As we juggle the scope of our digital transformation, we must stay aligned with our strategic objectives and measurable goals.
Previous articles in this series explained how digital transformation leverages technology to create a differentiated customer experience. We also discussed how to establish the return on investment and ensure that those measures dictate the scope of your transformation.
Two things happen during any major transformation initiative. One is scope creep and the second is lost focus.
Scope creep occurs throughout a project when people extend the business requirements beyond original intent or over-design a solution. Scope creep costs time and money, and can derail a project.
Since this is a C-Suite Guide, I won’t get into the details of scope creep. Suffice it to say that the executive sponsor must approve the initial time, scope, and budget for the project and then approve changes to any of those three. In doing so, the sponsor must ensure that the initiative stays true to the strategic objectives and goals.
Focus, Focus, Focus
Here’s the other thing that happens in transformation initiatives (and this is the real risk). Twice above I mentioned strategic objectives and goals. We tend to share those with leaders in the company and sometimes across the project team.
I strongly recommend sharing the objectives and goals with every member of the project team and making sure that each individual understands his or her role in achieving those goals.
As we execute the project, the team gets more engaged and deeper into the weeds. We encounter obstacles. We work around them. We miss deadlines and then try to make the time up. And the scope creeps. These are all inevitable and good project management anticipates them and works through them.
But as we work through these obstacles, the team members are probably not reciting the objectives and goals. It’s easy for an entire project to lose sight of why we’re there in the first place.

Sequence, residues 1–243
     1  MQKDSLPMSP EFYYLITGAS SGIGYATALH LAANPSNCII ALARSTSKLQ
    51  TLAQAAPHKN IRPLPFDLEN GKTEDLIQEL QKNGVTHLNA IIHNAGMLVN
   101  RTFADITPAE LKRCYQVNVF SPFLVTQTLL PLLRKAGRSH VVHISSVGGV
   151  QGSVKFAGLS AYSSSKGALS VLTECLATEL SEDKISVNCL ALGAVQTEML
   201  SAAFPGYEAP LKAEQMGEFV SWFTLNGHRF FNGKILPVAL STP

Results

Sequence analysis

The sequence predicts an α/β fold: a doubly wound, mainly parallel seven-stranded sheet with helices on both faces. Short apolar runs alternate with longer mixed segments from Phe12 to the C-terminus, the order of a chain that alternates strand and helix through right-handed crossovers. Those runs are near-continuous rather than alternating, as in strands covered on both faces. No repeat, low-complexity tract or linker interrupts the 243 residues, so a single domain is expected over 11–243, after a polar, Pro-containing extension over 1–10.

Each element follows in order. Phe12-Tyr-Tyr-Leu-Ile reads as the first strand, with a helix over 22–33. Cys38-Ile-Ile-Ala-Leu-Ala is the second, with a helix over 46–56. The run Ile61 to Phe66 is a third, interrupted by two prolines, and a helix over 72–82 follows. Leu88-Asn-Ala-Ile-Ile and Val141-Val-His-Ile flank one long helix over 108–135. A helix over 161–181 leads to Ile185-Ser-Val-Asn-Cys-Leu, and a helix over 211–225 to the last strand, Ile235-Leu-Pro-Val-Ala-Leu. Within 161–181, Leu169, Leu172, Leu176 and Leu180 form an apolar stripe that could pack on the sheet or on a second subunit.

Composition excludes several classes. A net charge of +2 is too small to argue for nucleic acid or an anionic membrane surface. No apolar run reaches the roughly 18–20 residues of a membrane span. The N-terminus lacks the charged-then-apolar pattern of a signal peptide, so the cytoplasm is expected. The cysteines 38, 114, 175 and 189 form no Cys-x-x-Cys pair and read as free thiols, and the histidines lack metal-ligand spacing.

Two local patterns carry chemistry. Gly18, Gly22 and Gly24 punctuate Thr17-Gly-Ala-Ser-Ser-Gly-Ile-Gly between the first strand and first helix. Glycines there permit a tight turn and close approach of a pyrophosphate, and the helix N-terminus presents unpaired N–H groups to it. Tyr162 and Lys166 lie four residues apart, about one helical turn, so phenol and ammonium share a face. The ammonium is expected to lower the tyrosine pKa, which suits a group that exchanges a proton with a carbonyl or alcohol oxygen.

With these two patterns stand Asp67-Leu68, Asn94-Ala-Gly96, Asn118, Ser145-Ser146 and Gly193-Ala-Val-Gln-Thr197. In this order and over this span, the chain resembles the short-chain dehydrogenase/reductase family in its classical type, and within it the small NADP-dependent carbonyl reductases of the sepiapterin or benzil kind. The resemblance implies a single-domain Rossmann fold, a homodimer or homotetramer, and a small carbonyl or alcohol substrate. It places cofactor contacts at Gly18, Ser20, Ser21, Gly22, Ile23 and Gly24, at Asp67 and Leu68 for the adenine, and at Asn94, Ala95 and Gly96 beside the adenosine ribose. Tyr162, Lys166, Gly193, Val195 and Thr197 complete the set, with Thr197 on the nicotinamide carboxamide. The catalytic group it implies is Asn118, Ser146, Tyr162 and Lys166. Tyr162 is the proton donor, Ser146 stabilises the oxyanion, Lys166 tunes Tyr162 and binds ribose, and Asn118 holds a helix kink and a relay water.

Executive sponsors and project managers need to step back occasionally, revisit the goals, and remind the team. Maybe we’re designing features for a new customer interface. We should be auditing our design against the ROI analysis to ensure we’ll meet our goals. The same should occur periodically throughout the project.
So, the key to scope management is to be flexible, as needed, but never lose sight of the ROI goals. Go back and check periodically. Audit the requirements and design. If you’re working in an Agile environment, allow time in your sprints to verify that the work product will bring us to the stated goals.
A year or so ago I quoted a Harvard Business Review article that said that, on average, companies deliver only 63% of the financial results that their strategy promised. If your digital transformation only delivers 63% of the expected results, will your business be at serious risk?
Managing scope creep is a natural part of any project. But keeping that scope aligned with strategic objectives and measurable goals is often forgotten. There must be a relentless focus on the goals and a periodic audit to be sure we’re on track.
Waiting until the end of a digital transformation and then discovering that we didn’t meet our goals can spell disaster.
In the next few weeks, we will cover the following, critical aspects of digital transformation:
- Marketing and PR
- Staff Challenges and Surprises
- The New World After Digital Transformation
If you’re embarking on a digital transformation, planning to do so, or just don’t want to wait 12 weeks for all of these articles, just email Emily at Emily@WolffStrategy.com and she’ll be happy to schedule a call with me to discuss any or all of these topics.
Larry Wolff is the founder & CEO of Wolff Strategy Partners, a boutique consulting firm specializing in Enterprise Strategy Management and Digital Transformation. Larry has served as CEO, COO, CIO, CTO, chief digital officer, and management consultant for public, private, international, and emerging growth companies. His specialties include corporate and IT strategic planning, technology led business transformation, business and IT turnarounds, merger integration and large-scale project rescues. His methodologies span industries and scale to companies of all sizes.
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